Director Ridley Scott © Universal Pictures
Director Ridley Scott © Universal Pictures

In 2001, Ridley Scott was nominated for an Oscar, Golden Globe, BAFTA and DGA Award for Best Director for Gladiator, which starred Russell Crowe. Ten years later, Scott and Crowe have reunited to bring another epic-adventure to the screen.

This version of the legendary figure begins after the death of King Richard, when Robin travels to Nottingham, a town suffering from the corruption of a despot sheriff and crippling taxation. Hoping to salvage the village, Robin assembles a gang with lethal mercenary skills to protect their country from slipping into civil war.

Ridley Scott spoke of his working relationship with Russell Crowe, and his belief that Robin Hood was more than a myth, at the press conference for the movie

We’ve seen this story done many different ways, what was it about the story that drew you into it where you thought you could give it a different take?

Director Ridley Scott © Universal Pictures
Director Ridley Scott © Universal Pictures

The story I got didn’t draw me in, I didn’t like it, but I was asked to come into it by Russell and [producer] Brian Grazer, and reviewing what we had, we decided it was a page-one rewrite. The other [script] read a little bit like CSI meets Robin Hood, [but] they were trying to be original

I definitely believe Robin Hood existed. I believe he’s a real historical character [who has stayed] in our imagination and was written about so many times that I think he definitely existed. And therefore he justified having a real and truthful attempt at who he might have been and how he came about.

How have you made Robin Hood your own?

Everyone talks about Robin Hood robbing from the rich and giving to the poor, but we felt it was relevant to choose a point in medieval folklore when the environment is on the edge of starvation and neglected by the crown. The hierarchy is the enemy, and the everyman who will come against them is Robin Hood. Within that idea, we have not forgotten the expectation and the romanticism of the legend. Is there humor in this? Yes. Is there a lot of action? Yes.

What was the most challenging aspect?

Cate Blanchett, Russell Crowe and director Ridley Scott © Universal Pictures
Cate Blanchett, Russell Crowe and director Ridley Scott © Universal Pictures

How were we going to feed Marion into this? Where’s the love story going to begin? Because Marion was always perceived and done as a bit of a cliché and I wanted to give Marion a really strong position, a strong platform to be coming from. So she becomes more of a character resembling taming of the shrew. She is definitely reluctant to engage with another man at all, and she has no rights once her father-in-law dies, so she’ll lose everything, so she’s a woman who is in a very tenuous position when we pick up the story.

I liked the mutual respect between Robin and Marion, how much of an influence was it to bring in Cate Blanchett, who gives a strength and beauty to the role?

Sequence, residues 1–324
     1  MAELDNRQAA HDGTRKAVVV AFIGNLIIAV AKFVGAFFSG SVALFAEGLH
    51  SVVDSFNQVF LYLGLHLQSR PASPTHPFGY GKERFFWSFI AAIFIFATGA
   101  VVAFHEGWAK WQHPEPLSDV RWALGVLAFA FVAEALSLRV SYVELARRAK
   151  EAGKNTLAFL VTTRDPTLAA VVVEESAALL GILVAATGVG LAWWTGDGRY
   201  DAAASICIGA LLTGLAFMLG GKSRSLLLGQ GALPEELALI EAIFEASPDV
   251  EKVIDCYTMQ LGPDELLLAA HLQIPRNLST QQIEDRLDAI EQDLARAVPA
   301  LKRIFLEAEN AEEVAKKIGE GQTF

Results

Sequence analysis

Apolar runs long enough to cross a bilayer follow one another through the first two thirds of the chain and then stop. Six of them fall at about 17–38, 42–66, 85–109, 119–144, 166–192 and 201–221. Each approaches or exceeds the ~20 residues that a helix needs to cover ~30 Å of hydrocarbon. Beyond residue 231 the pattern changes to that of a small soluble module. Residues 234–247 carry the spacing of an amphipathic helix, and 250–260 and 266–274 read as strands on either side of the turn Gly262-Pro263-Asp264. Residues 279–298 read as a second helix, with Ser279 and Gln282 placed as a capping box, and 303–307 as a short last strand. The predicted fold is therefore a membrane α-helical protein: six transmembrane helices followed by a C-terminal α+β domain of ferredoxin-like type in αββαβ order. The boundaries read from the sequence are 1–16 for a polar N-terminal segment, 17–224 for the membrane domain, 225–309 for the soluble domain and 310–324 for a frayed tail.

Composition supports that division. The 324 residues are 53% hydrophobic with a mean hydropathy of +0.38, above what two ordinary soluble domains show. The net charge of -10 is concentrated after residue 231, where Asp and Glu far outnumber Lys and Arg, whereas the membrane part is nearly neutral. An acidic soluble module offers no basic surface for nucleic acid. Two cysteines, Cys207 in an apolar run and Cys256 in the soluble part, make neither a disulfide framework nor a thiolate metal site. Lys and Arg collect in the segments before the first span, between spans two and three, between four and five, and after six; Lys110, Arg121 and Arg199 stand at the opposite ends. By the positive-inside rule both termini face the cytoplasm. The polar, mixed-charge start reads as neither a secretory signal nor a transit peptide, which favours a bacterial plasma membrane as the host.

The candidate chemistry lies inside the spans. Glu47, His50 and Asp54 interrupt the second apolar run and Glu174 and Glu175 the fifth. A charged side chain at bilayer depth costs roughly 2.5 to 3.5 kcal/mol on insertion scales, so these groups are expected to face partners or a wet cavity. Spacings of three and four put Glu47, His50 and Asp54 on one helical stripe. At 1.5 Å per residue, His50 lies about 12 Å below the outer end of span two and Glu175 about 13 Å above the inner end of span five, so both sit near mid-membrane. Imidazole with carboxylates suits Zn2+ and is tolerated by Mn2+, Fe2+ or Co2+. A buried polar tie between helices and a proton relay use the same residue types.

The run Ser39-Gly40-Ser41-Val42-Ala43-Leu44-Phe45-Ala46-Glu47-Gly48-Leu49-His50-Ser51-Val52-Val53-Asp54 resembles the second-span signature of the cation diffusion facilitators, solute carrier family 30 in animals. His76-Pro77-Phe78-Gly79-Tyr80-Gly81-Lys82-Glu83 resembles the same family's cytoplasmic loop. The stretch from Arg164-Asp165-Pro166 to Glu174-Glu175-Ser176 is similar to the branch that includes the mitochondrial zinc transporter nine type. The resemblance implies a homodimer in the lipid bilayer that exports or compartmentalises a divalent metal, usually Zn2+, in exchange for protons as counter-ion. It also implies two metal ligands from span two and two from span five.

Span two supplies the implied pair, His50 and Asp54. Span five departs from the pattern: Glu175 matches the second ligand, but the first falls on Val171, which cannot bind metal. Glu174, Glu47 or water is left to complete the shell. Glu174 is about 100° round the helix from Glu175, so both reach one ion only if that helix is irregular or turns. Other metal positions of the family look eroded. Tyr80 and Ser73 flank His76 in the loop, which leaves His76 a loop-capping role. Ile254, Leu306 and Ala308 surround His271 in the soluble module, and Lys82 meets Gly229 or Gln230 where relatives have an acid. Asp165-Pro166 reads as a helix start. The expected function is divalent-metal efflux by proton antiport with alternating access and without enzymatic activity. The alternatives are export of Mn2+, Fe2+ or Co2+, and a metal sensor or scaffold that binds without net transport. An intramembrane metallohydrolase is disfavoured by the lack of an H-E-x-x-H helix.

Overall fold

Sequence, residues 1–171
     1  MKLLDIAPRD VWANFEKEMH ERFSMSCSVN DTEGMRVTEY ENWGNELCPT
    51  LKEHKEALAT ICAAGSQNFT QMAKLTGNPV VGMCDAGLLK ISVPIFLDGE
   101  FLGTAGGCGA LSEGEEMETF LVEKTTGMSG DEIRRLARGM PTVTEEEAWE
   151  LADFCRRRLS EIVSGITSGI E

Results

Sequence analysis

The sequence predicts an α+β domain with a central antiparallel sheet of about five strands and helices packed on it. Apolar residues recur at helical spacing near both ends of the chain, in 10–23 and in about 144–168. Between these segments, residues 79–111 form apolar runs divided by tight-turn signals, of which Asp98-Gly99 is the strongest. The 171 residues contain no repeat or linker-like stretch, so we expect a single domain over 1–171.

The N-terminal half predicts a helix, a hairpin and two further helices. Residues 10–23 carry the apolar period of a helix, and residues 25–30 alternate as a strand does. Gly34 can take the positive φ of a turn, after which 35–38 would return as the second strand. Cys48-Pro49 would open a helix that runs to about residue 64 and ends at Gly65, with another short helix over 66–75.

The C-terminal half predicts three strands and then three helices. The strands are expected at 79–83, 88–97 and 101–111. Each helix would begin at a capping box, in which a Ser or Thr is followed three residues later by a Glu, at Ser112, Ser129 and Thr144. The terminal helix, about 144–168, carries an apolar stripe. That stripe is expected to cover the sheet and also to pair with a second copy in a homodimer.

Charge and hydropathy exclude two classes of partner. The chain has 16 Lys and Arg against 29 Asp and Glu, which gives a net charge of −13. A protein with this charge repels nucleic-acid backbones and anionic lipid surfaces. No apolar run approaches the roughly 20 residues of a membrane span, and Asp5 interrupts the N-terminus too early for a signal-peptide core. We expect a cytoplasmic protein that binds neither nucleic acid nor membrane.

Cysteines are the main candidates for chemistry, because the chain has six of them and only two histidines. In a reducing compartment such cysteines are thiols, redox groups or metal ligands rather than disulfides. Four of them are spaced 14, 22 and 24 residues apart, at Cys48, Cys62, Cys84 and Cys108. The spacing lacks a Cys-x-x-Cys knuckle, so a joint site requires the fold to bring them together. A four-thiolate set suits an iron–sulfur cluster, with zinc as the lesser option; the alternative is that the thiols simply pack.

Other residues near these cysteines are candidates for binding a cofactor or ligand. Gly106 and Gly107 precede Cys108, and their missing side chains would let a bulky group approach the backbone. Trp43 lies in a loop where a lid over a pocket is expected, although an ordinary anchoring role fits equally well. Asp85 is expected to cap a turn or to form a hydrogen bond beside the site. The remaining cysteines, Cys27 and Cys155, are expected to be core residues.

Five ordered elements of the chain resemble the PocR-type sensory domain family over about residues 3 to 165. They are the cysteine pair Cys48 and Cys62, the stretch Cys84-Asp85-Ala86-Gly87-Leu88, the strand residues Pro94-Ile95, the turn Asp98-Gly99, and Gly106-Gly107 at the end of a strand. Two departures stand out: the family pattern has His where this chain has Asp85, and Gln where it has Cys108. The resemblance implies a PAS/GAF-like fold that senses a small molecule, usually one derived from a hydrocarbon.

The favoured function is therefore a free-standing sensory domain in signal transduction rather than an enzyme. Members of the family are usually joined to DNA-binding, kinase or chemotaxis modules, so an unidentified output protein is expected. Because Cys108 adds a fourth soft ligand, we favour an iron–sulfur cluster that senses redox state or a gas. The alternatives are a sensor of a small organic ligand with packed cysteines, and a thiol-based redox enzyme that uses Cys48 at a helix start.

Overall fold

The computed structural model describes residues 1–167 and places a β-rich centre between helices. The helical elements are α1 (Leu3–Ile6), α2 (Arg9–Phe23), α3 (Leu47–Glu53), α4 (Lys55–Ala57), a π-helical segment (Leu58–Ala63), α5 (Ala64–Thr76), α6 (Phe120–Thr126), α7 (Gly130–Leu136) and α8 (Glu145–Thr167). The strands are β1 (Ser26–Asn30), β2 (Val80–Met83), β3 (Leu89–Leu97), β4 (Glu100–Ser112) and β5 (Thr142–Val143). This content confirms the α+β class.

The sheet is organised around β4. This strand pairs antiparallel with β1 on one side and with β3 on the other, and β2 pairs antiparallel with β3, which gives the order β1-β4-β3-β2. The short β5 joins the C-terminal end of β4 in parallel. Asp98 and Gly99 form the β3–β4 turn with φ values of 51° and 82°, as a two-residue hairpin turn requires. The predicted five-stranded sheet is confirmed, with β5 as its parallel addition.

Well, Cate was a real catch. Because we started again almost from scratch, this part of the story hadn’t really figured and when you are writing something you’re actually feeling for good common solid ground to begin where you can come across this woman and say, ‘Ah, this is an interesting place for her to begin. A woman who is running her whole life and an estate, and this guy hasn’t even met her yet,’ so that started to promote the idea she had to be in her late thirties. Then I thought that Cate might not want to do it, because she doesn’t tend to do these things, I thought she may not want to go along with the fun of it, so Russell asked her and she said yes. They were both in Sydney at the same time.

How important is the familiarity that you now have with Russell in terms of building a team and facing the prospect of building this character?

Russell Crowe and director Ridley Scott © Universal Pictures
Russell Crowe and director Ridley Scott © Universal Pictures

I think it helps a lot because we tend to come to it literally as a team. I trust what he can do and I think he trusts what I can do. And we’re both incredibly organized which also helps. He’s a good listener. When I first met him, I thought, ‘He’s not really listening,’ but he was actually listening, distilling it, turning it over. He was very thoughtful and then came back with questions. I thought, ‘Well, that’s a really healthy relationship,’ and that’s how it has evolved.

How important is it to have a PG-13 to help open the story of Robin Hood to younger people?

I think it helps enormously, so I had to temper a little bit of the violence. It was a little bit of a struggle but we managed to get by. There’s not a lot of blood in this actually, you think there might be but there’s not.

What do you hope the audience will come out of the film feeling?

[To be] hugely entertained and not disappointed.

Judy Sloane

Judy is Film Review Online's regular Los Angeles based reporter.